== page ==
Workers' Compensation Claims Filed by Terminated Employees: Know the Law
“I’m fired? Ow, my back!”
Many employers are forced to go through an extended and costly process when disgruntled, recently terminated, employees decide to file potentially frivolous workers’ compensation claims. Instances of employees filing workers’ compensation after learning of their termination are on the rise, and it is vital that employers understand their legal rights. California Labor Code §3600(10) offers some protection to employers from terminated employees who decide to file workers’ compensation claims after receiving notice of their termination.
First-of-Kind Heat Illness Case Heading for a Court Decision
Principals of a farm labor contractor, Merced Farm Labor Contractor, who are accused in the death of a 17 year-old pregnant farm worker in 2008, are headed for a December 16, 2010, hearing in San Joaquin County on criminal charges, as well as an appeal hearing before the Cal/OSHA Appeals Board on citations assessed up to $262,000.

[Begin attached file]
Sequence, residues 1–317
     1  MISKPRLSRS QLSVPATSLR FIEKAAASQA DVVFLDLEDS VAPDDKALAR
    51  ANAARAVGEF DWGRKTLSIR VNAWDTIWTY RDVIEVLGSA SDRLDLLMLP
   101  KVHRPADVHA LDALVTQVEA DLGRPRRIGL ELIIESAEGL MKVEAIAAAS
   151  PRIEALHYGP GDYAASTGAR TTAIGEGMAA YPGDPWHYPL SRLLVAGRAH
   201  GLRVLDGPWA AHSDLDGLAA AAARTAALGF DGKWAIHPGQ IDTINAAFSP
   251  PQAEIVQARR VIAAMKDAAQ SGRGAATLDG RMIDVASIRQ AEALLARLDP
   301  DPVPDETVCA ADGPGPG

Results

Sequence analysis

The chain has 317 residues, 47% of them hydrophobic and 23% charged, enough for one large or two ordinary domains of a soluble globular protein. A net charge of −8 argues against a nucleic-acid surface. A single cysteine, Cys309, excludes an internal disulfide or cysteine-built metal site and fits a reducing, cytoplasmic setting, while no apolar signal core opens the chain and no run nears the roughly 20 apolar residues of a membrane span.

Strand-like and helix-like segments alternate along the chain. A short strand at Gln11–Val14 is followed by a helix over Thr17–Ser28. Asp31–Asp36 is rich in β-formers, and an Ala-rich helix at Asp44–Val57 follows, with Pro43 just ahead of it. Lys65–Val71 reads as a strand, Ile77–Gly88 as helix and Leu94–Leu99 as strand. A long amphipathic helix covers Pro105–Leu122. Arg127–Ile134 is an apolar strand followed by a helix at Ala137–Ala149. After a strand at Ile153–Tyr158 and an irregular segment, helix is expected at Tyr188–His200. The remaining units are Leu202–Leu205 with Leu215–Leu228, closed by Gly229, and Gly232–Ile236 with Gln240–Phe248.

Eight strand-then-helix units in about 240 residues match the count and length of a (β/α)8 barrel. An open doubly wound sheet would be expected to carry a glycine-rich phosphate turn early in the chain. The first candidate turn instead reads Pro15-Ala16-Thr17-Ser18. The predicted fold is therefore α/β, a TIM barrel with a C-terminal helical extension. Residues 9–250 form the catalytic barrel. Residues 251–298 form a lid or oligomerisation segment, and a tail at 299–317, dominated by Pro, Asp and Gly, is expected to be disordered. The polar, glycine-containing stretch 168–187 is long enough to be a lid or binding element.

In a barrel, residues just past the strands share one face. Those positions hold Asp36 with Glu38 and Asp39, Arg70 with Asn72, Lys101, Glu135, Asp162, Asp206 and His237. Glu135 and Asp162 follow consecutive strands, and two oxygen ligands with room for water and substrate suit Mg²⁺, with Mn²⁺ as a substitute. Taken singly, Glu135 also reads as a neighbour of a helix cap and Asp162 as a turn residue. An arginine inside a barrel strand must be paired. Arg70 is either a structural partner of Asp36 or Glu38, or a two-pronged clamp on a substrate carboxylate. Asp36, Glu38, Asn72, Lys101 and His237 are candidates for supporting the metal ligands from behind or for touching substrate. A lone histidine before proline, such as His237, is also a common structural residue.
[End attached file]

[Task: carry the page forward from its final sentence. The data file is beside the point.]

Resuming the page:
Defending S&W Petitions: Employee Should Have Known Better
Employers around the state are experiencing an increase in petitions for “serious and willful misconduct by employer.” The petitions are brought by employees or former employees before the Workers’ Compensation Appeals Board and provide that the amount of compensation recoverable by the petitioner can be increased by 50% when the employer is found to have engaged in serious and willful misconduct under the California Labor Code.
Legislative Update: "Serious Violation" Definition Reformed
Governor Schwarzenegger was busy signing 49 bills yesterday (and vetoing 54 others, including SB 1474 as reported earlier today). Among those signed by the governor was Assembly Bill (AB) 2774, which takes bold steps in redefining what is a serious violation and enhancing communication between employers and the Division of Occupational Safety and Health (DOSH).
October Deadline for New WC Notices Fast Approaching